- Big Corn releases new study full of labelling and cost exaggerations
- GMO labelling will allegedly cost American families $1,050 annually, but one proactive company proves this to be wrong
- The DARK Act is back! Do your part to stop it!
Big Corn is back at it…
But this time they aren’t just filling our food supply with garbage food — they are now filling our news streams with garbage science.
What’s even more frightening…
The Dark Act is back in the Senate. If Big Corn gets their way and the act passes, our food supply will continue to be an endless stream of unlabeled GMO products.
But this doesn’t have to be the case. You have the power to stand up to Big Corn’s agenda.
Below I explain the lies… and what you can do about it.
A Garbage Study
A new study funded by Big Corn — the same folks who call high fructose corn syrup natural — claims labelling food containing GMO ingredients will cost the foods industry a shocking $81.9 billion.1
In fact, Big Corn goes on to report that when Vermont’s new GMO labelling law goes into effect on July 1, it will cost each American family an additional $1,050 annually and increase average national food prices by 1.76 percent in the first year.1
But what Big Corn doesn’t tout as loudly is the flaws in their study.
Let me explain…
This “study” makes grandiose assumptions about how the food industry will react to the new GMO labelling law.
Instead of calculating the minute costs of adding new text to food packaging, Big Corn hypothesizes that all food makers, regardless of their sales territories or location, will instead reformulate their products using non-GMO ingredients so they can sell them as non-GMO foods in Vermont.
These reformulation costs are how the corn industry came to the inflated conclusion that American families will lose $1,050 from their budgets in coming years.
One American food giant has already debunked this bloated figure. We will explore how they did this in a bit.
First, let’s take a closer look at the inflated claims Big Corn is making about GMO labelling.
The Big Corn Way: Labelling Lies as Facts
The authors of the study claim this reformulation is due to consumers being less likely to purchase a product containing GMO ingredients.
However, there is research to combat Big Corn’s ridiculous claim.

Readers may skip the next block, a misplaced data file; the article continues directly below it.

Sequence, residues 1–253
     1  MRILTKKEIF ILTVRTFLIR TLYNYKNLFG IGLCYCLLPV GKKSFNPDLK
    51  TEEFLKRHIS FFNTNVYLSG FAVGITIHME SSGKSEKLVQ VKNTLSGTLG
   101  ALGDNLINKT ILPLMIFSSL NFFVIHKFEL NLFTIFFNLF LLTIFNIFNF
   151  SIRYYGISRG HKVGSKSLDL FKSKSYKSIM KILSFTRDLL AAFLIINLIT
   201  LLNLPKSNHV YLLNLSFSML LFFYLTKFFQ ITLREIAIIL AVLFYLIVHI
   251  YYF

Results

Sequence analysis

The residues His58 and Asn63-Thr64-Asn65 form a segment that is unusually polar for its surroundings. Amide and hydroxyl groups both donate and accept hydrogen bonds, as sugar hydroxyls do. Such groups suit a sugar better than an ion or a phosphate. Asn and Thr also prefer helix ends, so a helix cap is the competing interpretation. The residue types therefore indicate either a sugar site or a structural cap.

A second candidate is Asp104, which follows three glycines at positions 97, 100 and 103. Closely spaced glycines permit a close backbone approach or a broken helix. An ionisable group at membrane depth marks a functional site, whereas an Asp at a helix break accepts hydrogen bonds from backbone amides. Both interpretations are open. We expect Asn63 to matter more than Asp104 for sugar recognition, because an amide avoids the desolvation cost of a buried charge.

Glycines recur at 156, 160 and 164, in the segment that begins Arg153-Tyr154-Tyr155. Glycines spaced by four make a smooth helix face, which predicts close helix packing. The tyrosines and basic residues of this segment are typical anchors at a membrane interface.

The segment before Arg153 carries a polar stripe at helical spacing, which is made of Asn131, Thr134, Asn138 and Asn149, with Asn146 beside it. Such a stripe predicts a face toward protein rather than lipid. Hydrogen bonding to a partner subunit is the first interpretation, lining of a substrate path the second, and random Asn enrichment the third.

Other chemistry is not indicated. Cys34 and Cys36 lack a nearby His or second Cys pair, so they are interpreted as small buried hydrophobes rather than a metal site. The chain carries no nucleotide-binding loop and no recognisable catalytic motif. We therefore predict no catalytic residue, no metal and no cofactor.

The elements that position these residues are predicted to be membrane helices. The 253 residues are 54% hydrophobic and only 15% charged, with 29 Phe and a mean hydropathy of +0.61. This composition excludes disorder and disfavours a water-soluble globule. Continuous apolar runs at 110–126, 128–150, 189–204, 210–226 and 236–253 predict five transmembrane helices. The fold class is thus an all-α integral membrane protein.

A recent study by two U.S. Department of Agriculture economists shows that food choices at the grocery store are just as impulsive in countries requiring food labelling. It went on to report factors like price and calorie content were of more importance.2
Another study done by two agricultural economists found that the presence of GMO labels didn’t increase consumer apprehension toward GMO products. In fact, one of the key findings of the study was, “There was no consistent statistically significant difference in the average level of concern for GMOs expressed by people shown different labels. That is, the mere presence of the GMO label did not lead to a greater level of concern about GMOs.3
In addition to these American findings, Brazil’s GMO labelling policy provides interesting information. The “transgenic” symbol was added to Brazil’s GMO food packaging 15 years ago (2001), yet studies find that consumers are more apt to buy foods in packaging containing this label than those that do not contain the label, particularly if they make nutritional claims. 4
Brazil’s transgenic symbol Photo credit: www.loc.gov
Big Corn goes on to claim that many food producers will opt to make two versions of their products — one that contains GMO ingredients and a non-GMO ingredient version. This two-version production model is also a factor in their outrageous $81.9 billion estimate.
However, Vermont’s law only requires GMO products to have a label, not to make changes to ingredients.
And as we have recently seen with Campbell’s Soup, multiple products are a very unlikely reality.
Campbell’s has not reformulated all of their products. Instead, they now indicate which products contain GMO ingredients.
Campbell’s Soup GMO labelling
Photo Credit: abcnews.go.com
And according to company spokesman Tom Hushen, Campbell’s decision to label has made no difference in cost to the consumer. He explains:
“To be clear, there will be no price increase as a result of Vermont or national GMO labeling for Campbell products.”5
So there you have it. Campbell’s has proven there is no $81.9 billion problem. They are proactively labelling GMO products, and yet there is no price increase for the consumer.
While Campbell’s is certainly a trailblazer in the food industry, unfortunately, they still don’t see GMO products as harmful. Hushen went on to report, “We still believe GMOs are safe and we continue to believe that they play an important role in feeding the world.”
While Campbell’s opinions about GMOs may differ from those of the Living Well team, we can still applaud them for their transparency about their ingredients and consumer costs, even if these actions are the result of consumer demand.
If food ingredients are of importance to you, oppose the Senate version of the “DARK” (Deny Americans the Right to Know Act) Act NOW!
The DARK Act will:
- Pre-empt states from requiring GMO labelling
- Make voluntary labelling of GMO products more difficult for companies like Campbell’s
- Remove the FDA’s jurisdiction over GMO disclosures.
If you would like to oppose the Dark Act, you can call your senators at the U.S. Capitol switchboard (202) 224-3121. Let them know you oppose the DARK Act and support GMO labelling!
You can also use the form at Environmental Working Group. They are a non-profit, non-partisan organization dedicated to protecting human health and the environment. Click here to access the form.
If you have any comments about GMO labelling or the DARK Act, drop me a line! Nmoore@lfb.org
Managing editor, Living Well Daily